NFPA goes backstage at Beatles Cirque du Soleil

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Tuesday, July 1, 2008

LAS VEGAS--I had an opportunity to attend a different kind of sold-out show with the Beatles LOVE Cirque du Soleil at the Mirage Hotel on June 1-a behind-the-scenes showcase of the fire protection system.

The tour and technical presentation was part of the NFPA conference, which began the next day at the Mandalay Bay. The theater-in-the-round at the Mirage presented all kinds of problems to the folks charged with protecting it-and the audience and the performers-from fire. The result is a remarkably complex, multi-layered, adaptable fire system that combines fire alarms, VESDA, and a variety of sprinkler systems.

And the tour was a production in itself. Doug Evans, of the Clark County Department of Development Services and a member of the Southern Nevada Chapter of the Society of Fire Protection Engineers, and his team of fire protection engineers and the Cirque people, coordinated moving 75 visitors to key points and some tight spaces in and around the theater. We were on the lower level of the theater where the mechanical lifts move parts of the stage, in the main control room, and way up on the grid, which is 55 feet above the main stage-and yes, you can see through the floor.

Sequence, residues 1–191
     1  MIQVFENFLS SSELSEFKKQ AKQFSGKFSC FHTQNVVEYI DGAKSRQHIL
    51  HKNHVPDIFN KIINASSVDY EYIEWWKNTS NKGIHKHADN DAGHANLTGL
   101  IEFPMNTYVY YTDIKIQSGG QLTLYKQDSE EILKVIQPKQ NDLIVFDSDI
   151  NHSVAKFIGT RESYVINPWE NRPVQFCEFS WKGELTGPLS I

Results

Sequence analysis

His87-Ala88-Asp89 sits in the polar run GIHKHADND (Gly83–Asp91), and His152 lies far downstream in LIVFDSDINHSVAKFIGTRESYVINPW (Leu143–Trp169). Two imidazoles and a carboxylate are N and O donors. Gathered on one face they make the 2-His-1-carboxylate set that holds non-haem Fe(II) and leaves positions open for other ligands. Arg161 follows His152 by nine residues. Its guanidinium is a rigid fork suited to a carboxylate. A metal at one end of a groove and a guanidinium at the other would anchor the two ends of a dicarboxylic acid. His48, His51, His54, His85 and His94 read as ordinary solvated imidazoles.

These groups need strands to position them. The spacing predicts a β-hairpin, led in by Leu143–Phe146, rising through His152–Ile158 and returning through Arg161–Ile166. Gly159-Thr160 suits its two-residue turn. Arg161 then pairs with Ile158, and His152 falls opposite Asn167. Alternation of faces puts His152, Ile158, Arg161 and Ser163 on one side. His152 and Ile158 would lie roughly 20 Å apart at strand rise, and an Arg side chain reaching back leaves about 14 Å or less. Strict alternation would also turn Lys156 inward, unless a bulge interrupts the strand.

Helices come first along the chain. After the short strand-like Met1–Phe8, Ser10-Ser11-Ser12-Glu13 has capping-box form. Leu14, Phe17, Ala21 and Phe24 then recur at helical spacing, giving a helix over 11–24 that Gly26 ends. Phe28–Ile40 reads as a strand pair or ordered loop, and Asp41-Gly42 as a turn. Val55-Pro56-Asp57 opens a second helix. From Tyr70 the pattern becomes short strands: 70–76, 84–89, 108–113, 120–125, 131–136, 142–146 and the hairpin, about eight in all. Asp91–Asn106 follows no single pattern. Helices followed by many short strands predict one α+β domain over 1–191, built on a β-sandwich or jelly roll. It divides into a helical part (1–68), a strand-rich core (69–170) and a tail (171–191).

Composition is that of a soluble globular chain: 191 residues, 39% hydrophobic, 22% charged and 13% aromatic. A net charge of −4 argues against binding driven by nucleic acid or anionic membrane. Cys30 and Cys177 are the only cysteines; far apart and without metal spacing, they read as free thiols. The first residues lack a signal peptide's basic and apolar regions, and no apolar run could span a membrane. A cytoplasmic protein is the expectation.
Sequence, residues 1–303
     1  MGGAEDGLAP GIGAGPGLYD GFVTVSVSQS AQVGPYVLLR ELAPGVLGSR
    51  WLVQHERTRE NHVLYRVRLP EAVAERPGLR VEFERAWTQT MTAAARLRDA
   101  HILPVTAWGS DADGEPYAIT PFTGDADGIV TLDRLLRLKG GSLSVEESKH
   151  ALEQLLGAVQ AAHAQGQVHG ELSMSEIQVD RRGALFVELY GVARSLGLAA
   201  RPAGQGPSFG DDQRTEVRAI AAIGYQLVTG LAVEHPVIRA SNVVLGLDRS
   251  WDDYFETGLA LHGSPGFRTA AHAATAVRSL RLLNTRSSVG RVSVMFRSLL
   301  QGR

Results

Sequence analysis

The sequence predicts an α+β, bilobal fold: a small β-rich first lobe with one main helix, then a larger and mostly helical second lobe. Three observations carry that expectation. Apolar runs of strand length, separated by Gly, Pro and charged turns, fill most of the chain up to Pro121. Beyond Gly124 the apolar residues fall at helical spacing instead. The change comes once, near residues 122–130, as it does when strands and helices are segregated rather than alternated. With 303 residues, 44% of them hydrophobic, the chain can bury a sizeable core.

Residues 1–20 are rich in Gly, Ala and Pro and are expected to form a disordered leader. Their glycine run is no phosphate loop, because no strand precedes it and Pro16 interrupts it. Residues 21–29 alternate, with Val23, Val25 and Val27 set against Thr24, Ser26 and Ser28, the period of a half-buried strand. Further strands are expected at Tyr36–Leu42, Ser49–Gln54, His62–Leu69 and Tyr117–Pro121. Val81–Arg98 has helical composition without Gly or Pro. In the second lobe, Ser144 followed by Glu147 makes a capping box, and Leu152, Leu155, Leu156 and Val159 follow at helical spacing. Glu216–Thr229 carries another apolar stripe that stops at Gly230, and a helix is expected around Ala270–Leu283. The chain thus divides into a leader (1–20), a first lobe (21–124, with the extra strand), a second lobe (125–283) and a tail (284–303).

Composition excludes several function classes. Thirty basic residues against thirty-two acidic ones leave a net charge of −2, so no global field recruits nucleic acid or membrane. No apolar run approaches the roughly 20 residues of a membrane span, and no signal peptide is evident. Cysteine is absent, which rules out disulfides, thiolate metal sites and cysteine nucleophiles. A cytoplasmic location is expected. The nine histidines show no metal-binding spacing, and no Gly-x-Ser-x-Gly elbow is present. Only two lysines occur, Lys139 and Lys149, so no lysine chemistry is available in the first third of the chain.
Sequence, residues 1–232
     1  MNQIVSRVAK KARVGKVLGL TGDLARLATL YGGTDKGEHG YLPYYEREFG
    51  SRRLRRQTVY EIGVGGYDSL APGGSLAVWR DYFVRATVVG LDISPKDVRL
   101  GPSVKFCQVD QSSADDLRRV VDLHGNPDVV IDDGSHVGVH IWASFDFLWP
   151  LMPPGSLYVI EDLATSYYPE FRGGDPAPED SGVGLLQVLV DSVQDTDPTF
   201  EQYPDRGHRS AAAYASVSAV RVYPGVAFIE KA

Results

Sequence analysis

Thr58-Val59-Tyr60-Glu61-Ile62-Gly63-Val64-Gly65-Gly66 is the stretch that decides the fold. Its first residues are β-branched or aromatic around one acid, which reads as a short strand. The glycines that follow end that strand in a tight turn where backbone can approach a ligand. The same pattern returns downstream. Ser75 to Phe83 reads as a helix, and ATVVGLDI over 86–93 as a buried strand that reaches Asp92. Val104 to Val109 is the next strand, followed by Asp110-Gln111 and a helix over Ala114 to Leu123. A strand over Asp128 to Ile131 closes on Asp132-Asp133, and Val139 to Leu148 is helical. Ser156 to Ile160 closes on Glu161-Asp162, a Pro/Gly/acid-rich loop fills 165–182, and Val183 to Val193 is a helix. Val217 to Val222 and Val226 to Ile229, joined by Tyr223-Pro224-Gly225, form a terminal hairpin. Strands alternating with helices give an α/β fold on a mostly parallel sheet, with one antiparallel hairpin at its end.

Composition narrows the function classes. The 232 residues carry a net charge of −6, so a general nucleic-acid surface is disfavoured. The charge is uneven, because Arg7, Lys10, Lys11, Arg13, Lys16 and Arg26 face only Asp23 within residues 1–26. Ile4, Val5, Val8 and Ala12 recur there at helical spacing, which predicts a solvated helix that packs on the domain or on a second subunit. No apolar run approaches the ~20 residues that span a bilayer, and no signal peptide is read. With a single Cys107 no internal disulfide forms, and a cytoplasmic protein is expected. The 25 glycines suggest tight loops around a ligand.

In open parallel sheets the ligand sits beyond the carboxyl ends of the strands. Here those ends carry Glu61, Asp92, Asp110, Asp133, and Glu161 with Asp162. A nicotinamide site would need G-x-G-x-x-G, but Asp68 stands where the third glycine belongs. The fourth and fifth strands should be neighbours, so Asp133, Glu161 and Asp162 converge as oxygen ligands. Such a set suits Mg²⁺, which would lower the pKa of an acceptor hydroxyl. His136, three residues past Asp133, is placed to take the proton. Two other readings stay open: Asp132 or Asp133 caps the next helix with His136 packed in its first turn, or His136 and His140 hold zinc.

Among the visitors was Dereck Rascon a consultant and designer for A-Tech Systems, a fire and security integrator out of Hacienda Heights, Calif., who is also chief engineer for the famous Wiltern Theater in Los Angeles. Rascon said the Cirque system was far more complex than anything he’d seen before.

Tom Wahl is from SAFE Electronics, the Vegas company that designed and installed the fire system and did the controls for the suppression system. He’s got a dedicated staff that manages the fire system on site and who are on call at all times. Asked about the maintenance involved, he said, “We do maintenance on it daily.”

The fire suppression contractor, Lyle Norris of Desert Fire Protection here in Vegas, said the collaboration involved in designing this system “was fun. This theater is unlike any other in the world and I’ve been doing this kind of work for 25 years. It was an authentic team effort. We sat in a room and figured out what to do because there’s nothing in the codes that are going to tell us. The intent of the code is there, but how to make it work in this building is not there.”